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Once again children to the fore – now from Indonesia!  Congratulations to  Maria Anggelina, who  won Hermann Gmeiner Award 2018.  Maria Anggelina is an Administrative staff, Kindergarten of Good Shepherd Sisters, Batam, Indonesia 
Maria Anggelina is a champion for the cause of children and marginalised women in Indonesia. She is particularly active in trying to save children who have been trafficked to Batam, an island in Indonesia’s Riau Archipelago. As part of her work with the Good Shepherd Sisters, Ms Anggelina and a team cooperate with law enforcement, the military, social services and church organisations to combat human trafficking on the island. Thanks to their efforts, at least 40 victims have been rescued and returned to their home villages. Seeing many cases, especially ones where children from her own hometown have fallen victim, makes Ms Anggelina very grateful to have been cared for by SOS Children’s Villages Flores in Indonesia. She realises, if it were not for SOS Chlldren’s Villages, she could have been a victim of trafficking herself. By raising the awareness of parents and children, Ms Anggelina hopes to reduce the number of trafficking victims.  Read more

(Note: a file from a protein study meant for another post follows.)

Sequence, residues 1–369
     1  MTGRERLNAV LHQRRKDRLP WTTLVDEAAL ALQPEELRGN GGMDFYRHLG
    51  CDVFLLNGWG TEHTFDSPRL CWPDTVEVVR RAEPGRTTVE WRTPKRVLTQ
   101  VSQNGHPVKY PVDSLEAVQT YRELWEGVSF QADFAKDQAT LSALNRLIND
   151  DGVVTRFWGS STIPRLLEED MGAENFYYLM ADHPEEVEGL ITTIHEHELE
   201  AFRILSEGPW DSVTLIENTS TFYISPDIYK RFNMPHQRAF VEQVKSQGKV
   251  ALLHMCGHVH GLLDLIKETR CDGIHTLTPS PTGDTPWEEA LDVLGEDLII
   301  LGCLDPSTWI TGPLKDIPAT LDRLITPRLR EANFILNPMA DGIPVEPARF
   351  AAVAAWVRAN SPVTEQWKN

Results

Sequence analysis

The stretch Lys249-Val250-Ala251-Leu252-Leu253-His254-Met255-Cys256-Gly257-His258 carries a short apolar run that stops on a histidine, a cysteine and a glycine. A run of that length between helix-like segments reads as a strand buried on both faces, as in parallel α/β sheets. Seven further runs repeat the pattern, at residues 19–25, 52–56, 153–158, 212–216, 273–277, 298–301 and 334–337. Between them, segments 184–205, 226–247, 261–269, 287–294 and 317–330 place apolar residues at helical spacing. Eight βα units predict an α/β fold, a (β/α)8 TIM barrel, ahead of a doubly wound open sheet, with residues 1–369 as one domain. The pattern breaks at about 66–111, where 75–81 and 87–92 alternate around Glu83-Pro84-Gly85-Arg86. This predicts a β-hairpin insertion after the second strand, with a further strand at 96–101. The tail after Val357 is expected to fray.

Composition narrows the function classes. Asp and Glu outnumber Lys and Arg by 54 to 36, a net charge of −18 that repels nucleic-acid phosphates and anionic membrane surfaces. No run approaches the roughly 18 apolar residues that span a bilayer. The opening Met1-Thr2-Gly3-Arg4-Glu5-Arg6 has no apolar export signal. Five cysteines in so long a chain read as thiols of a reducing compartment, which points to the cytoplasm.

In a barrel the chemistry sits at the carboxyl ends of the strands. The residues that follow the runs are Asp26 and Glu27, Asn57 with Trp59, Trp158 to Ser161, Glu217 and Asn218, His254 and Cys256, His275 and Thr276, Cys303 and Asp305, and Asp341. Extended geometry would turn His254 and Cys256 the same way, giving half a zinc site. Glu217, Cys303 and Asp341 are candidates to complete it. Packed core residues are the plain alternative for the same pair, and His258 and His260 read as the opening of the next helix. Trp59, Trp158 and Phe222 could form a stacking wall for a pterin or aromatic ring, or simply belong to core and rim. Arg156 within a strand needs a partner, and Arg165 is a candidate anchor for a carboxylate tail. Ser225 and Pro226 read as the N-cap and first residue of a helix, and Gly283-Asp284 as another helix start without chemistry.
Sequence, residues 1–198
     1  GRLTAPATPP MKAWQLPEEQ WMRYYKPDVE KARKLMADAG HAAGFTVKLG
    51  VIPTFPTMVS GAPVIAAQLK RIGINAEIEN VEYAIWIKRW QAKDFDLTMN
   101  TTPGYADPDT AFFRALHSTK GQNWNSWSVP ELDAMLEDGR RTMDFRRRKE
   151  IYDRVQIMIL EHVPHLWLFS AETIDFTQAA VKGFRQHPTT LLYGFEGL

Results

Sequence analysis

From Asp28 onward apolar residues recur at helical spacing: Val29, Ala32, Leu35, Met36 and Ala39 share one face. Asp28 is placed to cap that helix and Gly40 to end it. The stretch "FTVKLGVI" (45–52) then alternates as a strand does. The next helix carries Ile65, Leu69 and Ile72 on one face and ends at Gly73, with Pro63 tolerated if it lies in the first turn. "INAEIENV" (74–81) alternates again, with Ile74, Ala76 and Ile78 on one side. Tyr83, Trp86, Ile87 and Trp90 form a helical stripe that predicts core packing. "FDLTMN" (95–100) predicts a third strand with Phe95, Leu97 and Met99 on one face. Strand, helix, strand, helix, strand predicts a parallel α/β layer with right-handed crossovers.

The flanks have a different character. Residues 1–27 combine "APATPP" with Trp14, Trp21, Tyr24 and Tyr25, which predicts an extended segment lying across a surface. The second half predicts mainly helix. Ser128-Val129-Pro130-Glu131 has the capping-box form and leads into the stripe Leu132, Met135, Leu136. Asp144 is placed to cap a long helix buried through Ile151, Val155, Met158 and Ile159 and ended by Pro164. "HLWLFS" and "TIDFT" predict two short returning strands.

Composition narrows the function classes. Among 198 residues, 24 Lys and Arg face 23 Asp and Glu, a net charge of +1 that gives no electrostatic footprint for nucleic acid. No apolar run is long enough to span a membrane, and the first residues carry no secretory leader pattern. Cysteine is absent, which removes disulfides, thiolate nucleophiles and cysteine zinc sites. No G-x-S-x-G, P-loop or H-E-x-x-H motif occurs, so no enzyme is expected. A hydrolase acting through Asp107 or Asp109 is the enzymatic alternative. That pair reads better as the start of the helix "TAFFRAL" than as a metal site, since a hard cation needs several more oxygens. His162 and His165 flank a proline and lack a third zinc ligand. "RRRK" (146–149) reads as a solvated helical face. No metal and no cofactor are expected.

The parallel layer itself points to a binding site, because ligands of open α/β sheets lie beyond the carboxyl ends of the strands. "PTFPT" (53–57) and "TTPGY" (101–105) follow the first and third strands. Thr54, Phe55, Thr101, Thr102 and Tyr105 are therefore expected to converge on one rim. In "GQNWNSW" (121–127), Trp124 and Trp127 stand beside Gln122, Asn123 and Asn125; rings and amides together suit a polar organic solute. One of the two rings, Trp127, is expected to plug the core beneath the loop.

Washingon

The National Advocacy Center of the Sisters of the Good Shepherd are organizing a Human Trafficking Conference for Tuesday, May 15, 2008

In Santiago Chile, the regional preparatory meeting for the High Level Political Forum (HLPF) which will take place in New York, July 9-18, 2018 is presently happening.  The High Level Political Forum meets annually  to evaluate implementation of the Sustainable Development Goals and the 2030 Agenda for Sustainable Development.   We have two members present at the meeting in Santiago – Marta Iris and Erika Sanchez.  Hedwig Joehl attended a similar meeting in Geneva.  Georgette hopes to attend in Beirut (April 24 to 26)  and Donatus will attend with the Sisters from Senegal at Dakar (May 2 – 4) the meeting for Africa.  Read more HEREErika 5

Click on – Video Clip